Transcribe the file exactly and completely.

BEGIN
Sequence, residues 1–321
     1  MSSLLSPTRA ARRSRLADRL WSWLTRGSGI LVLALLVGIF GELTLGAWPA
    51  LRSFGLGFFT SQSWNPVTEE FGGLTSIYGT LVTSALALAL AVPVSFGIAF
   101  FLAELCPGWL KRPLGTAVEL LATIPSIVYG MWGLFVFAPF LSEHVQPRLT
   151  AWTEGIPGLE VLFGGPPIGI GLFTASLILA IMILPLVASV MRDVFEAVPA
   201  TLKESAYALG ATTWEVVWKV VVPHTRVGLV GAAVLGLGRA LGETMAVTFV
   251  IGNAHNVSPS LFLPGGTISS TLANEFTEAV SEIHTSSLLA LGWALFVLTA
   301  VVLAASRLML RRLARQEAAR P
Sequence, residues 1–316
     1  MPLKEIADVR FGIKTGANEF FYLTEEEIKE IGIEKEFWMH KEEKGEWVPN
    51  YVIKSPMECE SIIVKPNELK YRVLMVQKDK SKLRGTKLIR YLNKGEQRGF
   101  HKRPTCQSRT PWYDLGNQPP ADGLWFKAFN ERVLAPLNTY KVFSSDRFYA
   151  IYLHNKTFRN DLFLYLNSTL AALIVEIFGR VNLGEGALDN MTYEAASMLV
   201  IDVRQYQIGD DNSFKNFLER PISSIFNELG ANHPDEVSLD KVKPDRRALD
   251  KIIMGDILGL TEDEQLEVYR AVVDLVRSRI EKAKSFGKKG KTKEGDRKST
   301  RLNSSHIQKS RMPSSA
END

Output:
Sequence, residues 1–321
     1  MSSLLSPTRA ARRSRLADRL WSWLTRGSGI LVLALLVGIF GELTLGAWPA
    51  LRSFGLGFFT SQSWNPVTEE FGGLTSIYGT LVTSALALAL AVPVSFGIAF
   101  FLAELCPGWL KRPLGTAVEL LATIPSIVYG MWGLFVFAPF LSEHVQPRLT
   151  AWTEGIPGLE VLFGGPPIGI GLFTASLILA IMILPLVASV MRDVFEAVPA
   201  TLKESAYALG ATTWEVVWKV VVPHTRVGLV GAAVLGLGRA LGETMAVTFV
   251  IGNAHNVSPS LFLPGGTISS TLANEFTEAV SEIHTSSLLA LGWALFVLTA
   301  VVLAASRLML RRLARQEAAR P
Sequence, residues 1–316
     1  MPLKEIADVR FGIKTGANEF FYLTEEEIKE IGIEKEFWMH KEEKGEWVPN
    51  YVIKSPMECE SIIVKPNELK YRVLMVQKDK SKLRGTKLIR YLNKGEQRGF
   101  HKRPTCQSRT PWYDLGNQPP ADGLWFKAFN ERVLAPLNTY KVFSSDRFYA
   151  IYLHNKTFRN DLFLYLNSTL AALIVEIFGR VNLGEGALDN MTYEAASMLV
   201  IDVRQYQIGD DNSFKNFLER PISSIFNELG ANHPDEVSLD KVKPDRRALD
   251  KIIMGDILGL TEDEQLEVYR AVVDLVRSRI EKAKSFGKKG KTKEGDRKST
   301  RLNSSHIQKS RMPSSA